Watch A Train Full Of Cars Get Slowly Can Opener'd Under A Bridge

Screenshot: YouTube

I know that ever since the clearance was boosted on that famous 11 foot 8 inch overpass in Durham, North Carolina, many of you may have despaired that the days of enjoying big helpings of can-openery schadenfreude were over. That’s not the case! There are still plenty of low-bridge disasters to enjoy, like this painful sardine-can-opening of a whole bunch of rail cars carrying road-going cars inside, which happened in Memphis last Sunday.


It’s also a good reminder of how long it takes a train to stop. Here, watch the pain:

It’s strangely satisfying to watch how that corrugated roofing just accordions up under the bridge, ripping pretty cleanly off the auto-carriers below.

The accident is interesting, and pretty telling about some of the realities and difficulties of modern rail transport. You’d think that all of these conditions — height of the train cars, clearance height of the bridge — would be known prior to sending the train onto a route that would end up doing damage like this. There are precautions like these in place, advanced train dispatching systems that have interfaces like this:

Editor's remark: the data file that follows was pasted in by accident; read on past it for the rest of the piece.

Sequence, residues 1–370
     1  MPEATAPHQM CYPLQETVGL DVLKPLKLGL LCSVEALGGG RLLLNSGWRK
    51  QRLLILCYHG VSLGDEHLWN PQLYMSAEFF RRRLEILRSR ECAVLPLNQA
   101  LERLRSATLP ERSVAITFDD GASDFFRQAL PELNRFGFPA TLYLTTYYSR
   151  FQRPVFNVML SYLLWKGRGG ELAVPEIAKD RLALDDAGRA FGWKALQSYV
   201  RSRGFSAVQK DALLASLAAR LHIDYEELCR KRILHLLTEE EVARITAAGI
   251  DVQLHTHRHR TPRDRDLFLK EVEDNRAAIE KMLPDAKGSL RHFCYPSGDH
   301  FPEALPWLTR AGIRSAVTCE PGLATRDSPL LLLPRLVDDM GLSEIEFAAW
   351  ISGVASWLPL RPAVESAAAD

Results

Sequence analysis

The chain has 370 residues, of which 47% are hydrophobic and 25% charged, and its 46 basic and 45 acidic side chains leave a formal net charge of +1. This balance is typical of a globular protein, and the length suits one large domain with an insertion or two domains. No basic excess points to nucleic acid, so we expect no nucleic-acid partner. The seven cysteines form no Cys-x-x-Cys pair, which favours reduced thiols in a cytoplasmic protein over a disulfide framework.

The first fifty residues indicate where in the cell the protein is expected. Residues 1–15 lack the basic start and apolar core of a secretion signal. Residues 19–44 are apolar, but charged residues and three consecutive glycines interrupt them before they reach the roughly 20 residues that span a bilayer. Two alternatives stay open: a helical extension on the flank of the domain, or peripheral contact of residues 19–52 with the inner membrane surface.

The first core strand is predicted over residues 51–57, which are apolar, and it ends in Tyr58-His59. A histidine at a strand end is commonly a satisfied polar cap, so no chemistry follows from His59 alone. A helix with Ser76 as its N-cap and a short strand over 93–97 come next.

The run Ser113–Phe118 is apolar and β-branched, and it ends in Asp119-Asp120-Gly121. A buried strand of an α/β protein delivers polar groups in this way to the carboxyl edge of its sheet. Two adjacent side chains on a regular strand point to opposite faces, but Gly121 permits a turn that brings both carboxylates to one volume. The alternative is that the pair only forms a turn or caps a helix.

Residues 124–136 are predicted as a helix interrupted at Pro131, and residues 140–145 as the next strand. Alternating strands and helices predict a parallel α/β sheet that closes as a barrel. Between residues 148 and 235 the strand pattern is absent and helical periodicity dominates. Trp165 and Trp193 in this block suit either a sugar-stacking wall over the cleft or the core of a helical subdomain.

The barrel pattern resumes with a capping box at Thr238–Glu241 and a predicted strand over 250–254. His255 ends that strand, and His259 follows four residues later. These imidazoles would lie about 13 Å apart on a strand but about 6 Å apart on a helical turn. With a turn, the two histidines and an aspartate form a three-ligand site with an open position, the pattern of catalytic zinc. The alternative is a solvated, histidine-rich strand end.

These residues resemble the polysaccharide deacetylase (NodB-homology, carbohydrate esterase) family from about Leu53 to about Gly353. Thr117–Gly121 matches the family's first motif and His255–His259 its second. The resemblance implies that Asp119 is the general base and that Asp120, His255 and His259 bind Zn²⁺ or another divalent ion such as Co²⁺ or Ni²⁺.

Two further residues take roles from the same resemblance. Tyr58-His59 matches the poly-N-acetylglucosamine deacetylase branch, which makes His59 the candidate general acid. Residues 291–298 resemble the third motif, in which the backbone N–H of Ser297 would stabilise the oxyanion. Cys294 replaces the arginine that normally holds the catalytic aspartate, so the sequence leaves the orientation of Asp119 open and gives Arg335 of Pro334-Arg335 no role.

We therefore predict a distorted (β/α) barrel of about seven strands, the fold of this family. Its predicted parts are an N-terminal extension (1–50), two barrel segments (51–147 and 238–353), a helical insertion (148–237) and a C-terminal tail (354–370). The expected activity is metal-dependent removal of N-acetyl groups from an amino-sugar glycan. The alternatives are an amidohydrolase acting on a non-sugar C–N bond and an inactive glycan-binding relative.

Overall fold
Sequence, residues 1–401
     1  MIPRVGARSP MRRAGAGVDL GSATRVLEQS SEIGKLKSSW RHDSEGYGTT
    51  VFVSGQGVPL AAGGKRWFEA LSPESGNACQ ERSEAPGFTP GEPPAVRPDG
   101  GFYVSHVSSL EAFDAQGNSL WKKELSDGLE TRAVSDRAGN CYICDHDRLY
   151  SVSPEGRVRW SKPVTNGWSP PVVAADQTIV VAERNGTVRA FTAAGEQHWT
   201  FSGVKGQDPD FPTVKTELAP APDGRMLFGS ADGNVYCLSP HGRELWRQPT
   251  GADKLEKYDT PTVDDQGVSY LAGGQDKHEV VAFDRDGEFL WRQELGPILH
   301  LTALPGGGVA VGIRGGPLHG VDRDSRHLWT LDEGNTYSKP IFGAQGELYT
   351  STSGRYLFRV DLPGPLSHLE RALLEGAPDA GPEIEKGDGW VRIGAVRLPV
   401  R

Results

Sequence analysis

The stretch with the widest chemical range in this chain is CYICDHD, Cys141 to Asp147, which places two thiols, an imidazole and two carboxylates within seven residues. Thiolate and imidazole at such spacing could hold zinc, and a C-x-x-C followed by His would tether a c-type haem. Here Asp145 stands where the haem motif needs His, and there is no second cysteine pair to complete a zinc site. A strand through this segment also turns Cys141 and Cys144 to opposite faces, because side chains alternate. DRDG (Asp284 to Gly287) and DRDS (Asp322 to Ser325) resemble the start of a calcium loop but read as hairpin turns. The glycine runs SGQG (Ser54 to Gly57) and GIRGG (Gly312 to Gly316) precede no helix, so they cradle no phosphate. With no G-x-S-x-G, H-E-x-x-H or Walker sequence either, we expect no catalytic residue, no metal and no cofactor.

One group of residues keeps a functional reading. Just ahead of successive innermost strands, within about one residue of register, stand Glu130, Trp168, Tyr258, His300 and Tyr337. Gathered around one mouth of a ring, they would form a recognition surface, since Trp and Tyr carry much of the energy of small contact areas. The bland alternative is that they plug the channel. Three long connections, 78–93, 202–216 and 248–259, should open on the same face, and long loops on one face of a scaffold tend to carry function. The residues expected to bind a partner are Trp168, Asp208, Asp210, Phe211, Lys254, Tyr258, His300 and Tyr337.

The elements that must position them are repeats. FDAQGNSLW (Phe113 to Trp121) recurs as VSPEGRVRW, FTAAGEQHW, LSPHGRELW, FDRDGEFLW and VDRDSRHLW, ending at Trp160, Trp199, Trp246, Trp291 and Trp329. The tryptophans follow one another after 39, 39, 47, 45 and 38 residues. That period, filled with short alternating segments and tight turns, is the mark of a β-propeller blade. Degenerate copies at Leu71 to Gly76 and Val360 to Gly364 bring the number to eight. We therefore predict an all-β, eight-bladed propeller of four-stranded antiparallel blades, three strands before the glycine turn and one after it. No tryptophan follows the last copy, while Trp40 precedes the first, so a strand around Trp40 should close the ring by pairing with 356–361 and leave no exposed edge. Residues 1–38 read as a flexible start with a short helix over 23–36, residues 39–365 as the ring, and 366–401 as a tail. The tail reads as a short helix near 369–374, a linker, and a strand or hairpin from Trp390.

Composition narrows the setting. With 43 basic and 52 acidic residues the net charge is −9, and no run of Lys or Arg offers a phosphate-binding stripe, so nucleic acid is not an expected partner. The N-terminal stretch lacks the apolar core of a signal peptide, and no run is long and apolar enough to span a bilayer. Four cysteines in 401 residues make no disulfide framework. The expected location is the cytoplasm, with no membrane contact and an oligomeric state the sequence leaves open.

At some point, though, there must have been bad data about either the height of the train or the clearance of the bridge. Or there was some other failure of the system, since trains don’t tend to grow taller, and bridges (generally) don’t sink lower.

The end result of this mess is that this train, with cars marked both Norfolk Southern and Canadian Pacific Railway, sustained more than $2 million worth of damage, most probably not in the cheap corrugated metal train car roofs but rather to the cars inside the train:

Screenshot: YouTube

Looks like some new Ford Explorers in there, some Lincoln Nautiluses — this must be a Ford transport train.

Well, was.


2nd gear just exploded

I actually know some things about this type of thing.

Rail cars are all designed to fit into certain “clearance plates”, which are standardized cross section boxes they have to fit into at all times. Most cars are Clearance Plate B or C, however auto racks are usually “Exceeds Plate F”, since they are really tall but thinner compared to coal cars or grain hoppers. Every railroad section has its plate clearance widely known, since that’s how big to make a tunnel or how low a bridge can be, etc. Its all very much baked into the network systems.

What most likely happened here, is that whoever was routing the train didnt realize there were autoracks in the consist, or the locomotive engineer took the wrong switch and didnt realize they were going down the wrong rail.

And for those asking why they didnt just stop, these cars could be damn near a mile away from the locomotive engineer. They would have no way of feeling or noticing this was happening. To them it probably just felt like they had some extra drag, or they weren’t getting enough traction, or the pusher locomotives at the back might not be able to power as much. Some corrugated steel getting peeled off is nothing compared to the weight of the rest of the train.